The CVAA seeks to ensure that “accessibility laws enacted in the 1980s and 1990s are brought up to date with 21st century technologies, including new digital, broadband, and mobile innovations” (FCC). The CVAA is designed to be forward-thinking and evolve with changing technologies (Varley). As such, the Act has been distinctive in its approach to accessibility for Internet protocol delivered video programming, including VOD. While full accessibility requirements, such as the inclusion of audio description are not addressed, the Act is considered to be the most accessible globally in its requirements for captioning of all content—specifically, English and Spanish—across cable, broadcast, satellite, and VOD content. VOD apps, plug-ins and devices are also required to implement the complete captioning capabilities, with specific requirements for personalised presentation, colour, size, and fonts. This requirement is applied to video programming distributors and to video programming owners. Indeed, programmers are expected to provide captioning compliance certificates, and distributors are required to report a failure to do so. Quality standards have also been established, with an emphasis not simply on the presence of captioning, but also on accuracy, synchronicity, completeness, and appropriate placement of captions. Despite an absence of similar legislation locally, the impacts of these foreign interests will penetrate the Australian market.

In Australia, the example set by the CVAA has warranted recommendations by the ACMA and Media Access Australia. In a recent interview, Chris Mikul reinforced the position that, in order for the accessibility of VOD to improve in Australia, a similar Act is needed to the one established in the US. According to Mikul, “The CVAA in the US bridges the gap to some extent with captioning, although it doesn’t venture into online audio description. […] We need something like the CVAA here” (Mikul).

Beyond the impact of the CVAA on US VOD programming, the Americans with Disabilities Act (ADA) (1990) has been significant in the developing captioning requirements of the CVAA. In 2010, disability advocates seeking more accessible VOD services attempted to prosecute Netflix under the ADA. The National Association for the Deaf (NAD) argued that Netflix discriminated against those with a hearing impairment by not providing closed captions for all content. At this time, the CVAA did not include captioning requirements for VOD providers. Instead, it was argued that online businesses should be considered as a “place” of publication accommodation, and thus subject to the same standards and anti-discrimination laws. Netflix settled out of court in 2012, agreeing to caption 100% of its content by 2014 (Mullin; Wolford). However, a Federal Appeals Court later ruled that Netflix was not a place of public accommodation and therefore did not have to comply with the ruling (Hattem). Notably, during the case Netflix also argued that it should not be required to provide captions, as it was abiding by CVAA requirements at that time.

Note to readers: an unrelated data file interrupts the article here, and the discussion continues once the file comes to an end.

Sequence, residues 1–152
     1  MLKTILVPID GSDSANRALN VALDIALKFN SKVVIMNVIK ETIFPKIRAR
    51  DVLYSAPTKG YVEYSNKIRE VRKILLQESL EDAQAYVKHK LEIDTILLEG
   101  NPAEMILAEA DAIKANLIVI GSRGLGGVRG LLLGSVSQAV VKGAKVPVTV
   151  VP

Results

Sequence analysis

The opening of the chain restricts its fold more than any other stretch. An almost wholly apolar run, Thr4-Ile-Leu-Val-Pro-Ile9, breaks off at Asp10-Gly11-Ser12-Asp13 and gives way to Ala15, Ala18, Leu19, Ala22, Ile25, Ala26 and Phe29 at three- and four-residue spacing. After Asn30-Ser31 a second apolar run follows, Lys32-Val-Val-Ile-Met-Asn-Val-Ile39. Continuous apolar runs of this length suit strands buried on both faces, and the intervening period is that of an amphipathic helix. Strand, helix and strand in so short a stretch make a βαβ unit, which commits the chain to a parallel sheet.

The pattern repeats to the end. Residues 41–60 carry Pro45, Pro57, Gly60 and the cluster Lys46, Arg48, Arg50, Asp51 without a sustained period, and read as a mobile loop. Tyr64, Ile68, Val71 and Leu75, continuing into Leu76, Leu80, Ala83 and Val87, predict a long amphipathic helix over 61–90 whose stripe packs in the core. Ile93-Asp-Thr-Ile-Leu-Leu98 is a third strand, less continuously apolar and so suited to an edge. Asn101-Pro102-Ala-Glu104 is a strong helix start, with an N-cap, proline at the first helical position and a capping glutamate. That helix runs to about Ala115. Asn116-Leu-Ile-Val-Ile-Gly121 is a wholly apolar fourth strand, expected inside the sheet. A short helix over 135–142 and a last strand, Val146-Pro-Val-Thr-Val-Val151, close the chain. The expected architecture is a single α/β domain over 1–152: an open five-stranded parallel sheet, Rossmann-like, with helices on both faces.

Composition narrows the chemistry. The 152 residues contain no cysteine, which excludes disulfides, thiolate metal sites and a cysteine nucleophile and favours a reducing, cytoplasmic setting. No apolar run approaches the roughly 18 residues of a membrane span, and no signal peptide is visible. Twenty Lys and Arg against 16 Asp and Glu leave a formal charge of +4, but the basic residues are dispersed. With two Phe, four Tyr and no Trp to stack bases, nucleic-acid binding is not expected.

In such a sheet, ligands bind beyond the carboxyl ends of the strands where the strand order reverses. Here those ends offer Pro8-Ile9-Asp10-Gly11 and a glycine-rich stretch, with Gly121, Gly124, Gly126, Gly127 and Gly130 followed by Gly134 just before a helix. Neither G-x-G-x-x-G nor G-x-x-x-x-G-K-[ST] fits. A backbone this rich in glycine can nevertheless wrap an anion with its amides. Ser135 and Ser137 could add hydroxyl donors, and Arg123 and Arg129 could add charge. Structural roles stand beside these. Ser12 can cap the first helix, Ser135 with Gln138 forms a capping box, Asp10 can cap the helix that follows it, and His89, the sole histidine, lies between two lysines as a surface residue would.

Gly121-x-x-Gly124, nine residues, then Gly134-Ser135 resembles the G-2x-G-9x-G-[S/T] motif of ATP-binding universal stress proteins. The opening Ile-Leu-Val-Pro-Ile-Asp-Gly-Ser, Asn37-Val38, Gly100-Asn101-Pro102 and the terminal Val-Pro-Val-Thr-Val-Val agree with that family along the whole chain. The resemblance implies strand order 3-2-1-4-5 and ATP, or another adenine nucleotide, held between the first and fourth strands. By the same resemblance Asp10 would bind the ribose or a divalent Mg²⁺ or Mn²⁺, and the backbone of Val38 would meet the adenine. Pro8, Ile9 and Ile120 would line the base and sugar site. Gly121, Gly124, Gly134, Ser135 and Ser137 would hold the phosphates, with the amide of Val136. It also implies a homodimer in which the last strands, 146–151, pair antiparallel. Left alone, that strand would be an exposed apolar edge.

Accessibility Activism and Advocacy

Advocates for accessibility, such as the NAD, have impacted not only on the legislative framework for VOD in the USA, but also on the international public perception and expectation of accessibility. It is important to note that many of the help forums generated by international VOD providers mix customers from multiple countries, establishing a global space in which requirements, expectations and perceptions are shared. These spaces generate a transnational accessibility, providing an awareness of what provisions are being made in other countries, and where they are not. Orrego-Carmona conducted a study on subtitling for the purpose of language translation and found the globalisation of audio-visual content and international media flows have impacted on the public view of subtitling. Indeed, this finding can be extended to subtitling for people with disability. In the help forums for VOD providers, users identified an awareness of other more accessible media environments (such as whether companies provided closed captions in other countries), the impact of legislation in other countries on accessibility, and how or if international media companies were replicating accessibility standards transnationally.